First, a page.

Dr. Black received a Ph.D. at the University of Florida in Biomedical Sciences. Her thesis focused on transcriptional regulation in vaccinia virus. Dr. Black completed a postdoctoral fellowship in the laboratory of Joseph Nevins at Duke University. While at Duke, she initiated experiments to examine oncogenic signaling pathways using both biochemical and genomics tools.
Dr. Black's lab focuses on understanding how to better predict cancer patients response to small molecule and immuno-targeted therapies. We use genomics and bioinformatics tools to dissect the complexity of the oncogenic process. The data from genomics experiments and patient samples also lead to opportunities for drug discovery and design efforts as we uncover molecular effectors of deregulated signaling cascades common to many types of cancers. Finally, we have begun using health outcomes data to generate hypotheses that can be studied in the clinical arena and the wet lab.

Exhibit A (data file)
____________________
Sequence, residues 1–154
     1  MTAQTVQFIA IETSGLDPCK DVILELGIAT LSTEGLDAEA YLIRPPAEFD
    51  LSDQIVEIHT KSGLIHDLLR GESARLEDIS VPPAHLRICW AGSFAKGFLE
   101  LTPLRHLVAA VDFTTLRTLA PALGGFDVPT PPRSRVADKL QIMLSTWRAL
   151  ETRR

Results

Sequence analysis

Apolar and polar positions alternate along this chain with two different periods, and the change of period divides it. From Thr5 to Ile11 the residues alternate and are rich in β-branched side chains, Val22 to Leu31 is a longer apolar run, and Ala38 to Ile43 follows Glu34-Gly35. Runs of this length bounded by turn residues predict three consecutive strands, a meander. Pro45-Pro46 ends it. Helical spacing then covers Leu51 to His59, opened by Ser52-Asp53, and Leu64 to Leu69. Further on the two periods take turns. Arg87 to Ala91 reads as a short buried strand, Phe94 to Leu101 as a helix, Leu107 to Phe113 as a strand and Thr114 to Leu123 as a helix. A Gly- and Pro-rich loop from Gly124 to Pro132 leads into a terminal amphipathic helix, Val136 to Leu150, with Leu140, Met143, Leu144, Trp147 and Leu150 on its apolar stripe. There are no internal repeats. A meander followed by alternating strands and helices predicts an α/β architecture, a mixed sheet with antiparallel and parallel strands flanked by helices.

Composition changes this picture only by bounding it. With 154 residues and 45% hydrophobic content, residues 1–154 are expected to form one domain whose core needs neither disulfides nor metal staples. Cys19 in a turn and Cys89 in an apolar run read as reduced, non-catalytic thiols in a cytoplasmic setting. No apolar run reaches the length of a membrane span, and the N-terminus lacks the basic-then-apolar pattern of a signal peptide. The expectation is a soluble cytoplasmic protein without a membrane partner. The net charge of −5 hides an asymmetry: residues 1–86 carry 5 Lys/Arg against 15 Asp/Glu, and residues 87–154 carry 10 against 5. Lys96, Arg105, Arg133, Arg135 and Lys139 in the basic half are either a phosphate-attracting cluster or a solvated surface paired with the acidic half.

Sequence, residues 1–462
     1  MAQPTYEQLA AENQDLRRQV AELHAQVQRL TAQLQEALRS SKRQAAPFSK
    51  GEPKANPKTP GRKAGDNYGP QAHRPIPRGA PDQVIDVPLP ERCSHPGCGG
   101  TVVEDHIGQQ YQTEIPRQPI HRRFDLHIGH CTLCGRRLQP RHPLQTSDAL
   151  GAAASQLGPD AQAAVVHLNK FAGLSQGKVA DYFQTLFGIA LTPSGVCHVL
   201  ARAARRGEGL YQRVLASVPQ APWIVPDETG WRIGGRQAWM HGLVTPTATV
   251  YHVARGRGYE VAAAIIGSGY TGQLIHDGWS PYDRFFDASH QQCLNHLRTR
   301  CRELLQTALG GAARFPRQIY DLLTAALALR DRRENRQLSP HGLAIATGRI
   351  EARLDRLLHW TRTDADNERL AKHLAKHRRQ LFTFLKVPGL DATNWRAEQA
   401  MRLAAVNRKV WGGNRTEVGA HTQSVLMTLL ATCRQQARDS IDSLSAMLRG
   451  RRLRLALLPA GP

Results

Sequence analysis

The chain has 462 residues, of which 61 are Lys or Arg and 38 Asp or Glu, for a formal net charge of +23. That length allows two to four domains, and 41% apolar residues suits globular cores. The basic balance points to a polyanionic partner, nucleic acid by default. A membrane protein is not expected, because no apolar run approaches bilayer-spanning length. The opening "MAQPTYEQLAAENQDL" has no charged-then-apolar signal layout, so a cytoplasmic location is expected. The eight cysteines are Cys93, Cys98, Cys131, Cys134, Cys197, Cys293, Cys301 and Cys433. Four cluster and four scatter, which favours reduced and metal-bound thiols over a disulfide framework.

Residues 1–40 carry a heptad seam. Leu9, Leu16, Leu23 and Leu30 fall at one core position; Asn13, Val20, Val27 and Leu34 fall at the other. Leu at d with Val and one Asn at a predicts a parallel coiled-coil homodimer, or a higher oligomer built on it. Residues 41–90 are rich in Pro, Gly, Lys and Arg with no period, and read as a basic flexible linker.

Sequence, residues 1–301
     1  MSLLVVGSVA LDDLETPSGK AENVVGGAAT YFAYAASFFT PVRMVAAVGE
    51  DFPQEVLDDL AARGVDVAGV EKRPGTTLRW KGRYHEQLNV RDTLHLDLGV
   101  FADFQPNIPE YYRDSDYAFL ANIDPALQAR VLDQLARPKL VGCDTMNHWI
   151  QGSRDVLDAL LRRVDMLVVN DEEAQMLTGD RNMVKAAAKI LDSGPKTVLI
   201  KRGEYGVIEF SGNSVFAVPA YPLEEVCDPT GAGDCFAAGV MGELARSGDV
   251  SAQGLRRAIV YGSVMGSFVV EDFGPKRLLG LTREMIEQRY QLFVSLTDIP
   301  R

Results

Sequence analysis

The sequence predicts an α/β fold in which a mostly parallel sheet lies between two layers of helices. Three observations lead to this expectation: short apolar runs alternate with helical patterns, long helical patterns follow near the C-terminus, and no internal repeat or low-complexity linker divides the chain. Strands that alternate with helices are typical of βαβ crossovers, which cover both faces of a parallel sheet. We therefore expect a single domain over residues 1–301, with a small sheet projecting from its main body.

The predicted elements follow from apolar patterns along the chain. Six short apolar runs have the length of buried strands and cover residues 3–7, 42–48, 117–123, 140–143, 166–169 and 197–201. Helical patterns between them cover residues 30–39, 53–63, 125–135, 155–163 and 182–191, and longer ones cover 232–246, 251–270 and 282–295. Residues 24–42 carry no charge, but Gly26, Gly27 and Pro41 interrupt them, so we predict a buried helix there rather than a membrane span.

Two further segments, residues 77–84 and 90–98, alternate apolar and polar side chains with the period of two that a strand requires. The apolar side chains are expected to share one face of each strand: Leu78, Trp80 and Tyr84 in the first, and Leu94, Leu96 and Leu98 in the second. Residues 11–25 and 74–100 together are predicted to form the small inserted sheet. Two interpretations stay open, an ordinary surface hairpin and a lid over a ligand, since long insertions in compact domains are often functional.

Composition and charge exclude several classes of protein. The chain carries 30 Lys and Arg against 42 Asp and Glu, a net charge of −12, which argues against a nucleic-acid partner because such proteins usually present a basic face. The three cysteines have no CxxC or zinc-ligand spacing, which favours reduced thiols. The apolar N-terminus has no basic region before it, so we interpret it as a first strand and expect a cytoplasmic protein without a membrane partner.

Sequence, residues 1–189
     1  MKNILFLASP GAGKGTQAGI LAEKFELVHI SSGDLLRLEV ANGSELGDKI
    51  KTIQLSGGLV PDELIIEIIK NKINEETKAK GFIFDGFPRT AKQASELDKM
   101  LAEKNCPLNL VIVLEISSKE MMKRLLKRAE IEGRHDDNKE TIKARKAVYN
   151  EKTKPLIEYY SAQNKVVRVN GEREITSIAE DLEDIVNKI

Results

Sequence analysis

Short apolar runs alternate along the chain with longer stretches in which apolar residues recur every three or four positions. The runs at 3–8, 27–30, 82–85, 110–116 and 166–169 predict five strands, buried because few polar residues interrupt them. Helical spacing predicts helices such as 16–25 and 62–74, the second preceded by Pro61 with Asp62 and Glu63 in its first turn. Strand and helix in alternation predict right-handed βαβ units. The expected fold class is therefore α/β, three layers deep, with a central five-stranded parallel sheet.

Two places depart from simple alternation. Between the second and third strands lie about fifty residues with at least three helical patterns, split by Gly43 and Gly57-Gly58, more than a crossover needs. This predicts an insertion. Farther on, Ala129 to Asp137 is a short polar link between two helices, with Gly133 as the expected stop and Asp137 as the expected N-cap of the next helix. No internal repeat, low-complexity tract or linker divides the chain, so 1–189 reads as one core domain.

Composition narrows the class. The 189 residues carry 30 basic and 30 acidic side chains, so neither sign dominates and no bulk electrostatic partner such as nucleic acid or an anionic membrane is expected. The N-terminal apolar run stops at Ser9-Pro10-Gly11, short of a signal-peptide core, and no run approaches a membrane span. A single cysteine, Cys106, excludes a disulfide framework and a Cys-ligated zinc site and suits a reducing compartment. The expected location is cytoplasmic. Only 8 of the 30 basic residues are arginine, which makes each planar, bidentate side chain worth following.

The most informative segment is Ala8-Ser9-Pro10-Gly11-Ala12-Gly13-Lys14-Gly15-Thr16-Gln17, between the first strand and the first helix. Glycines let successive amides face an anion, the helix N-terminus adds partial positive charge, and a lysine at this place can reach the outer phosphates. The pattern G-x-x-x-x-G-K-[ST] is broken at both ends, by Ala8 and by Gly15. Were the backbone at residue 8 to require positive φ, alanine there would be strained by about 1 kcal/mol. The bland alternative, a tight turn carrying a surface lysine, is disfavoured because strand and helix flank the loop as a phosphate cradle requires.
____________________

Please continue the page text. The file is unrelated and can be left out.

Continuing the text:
Our lab webpage can be found here:
Pharmacogenetics/genomics; cancer biology
active learning and flipped classroom experiences
Stamatkin Chistopher, Ratermann Kelley L, Westendorf Colleen, Black Esther Penni. (2015). Response to Class IA isoform selective inhibition of PI3K in NSCLC cells uncovers functional specificities and compensations of Class IA enzymes.Journal of Pharmacology and Experimental Therapeutics,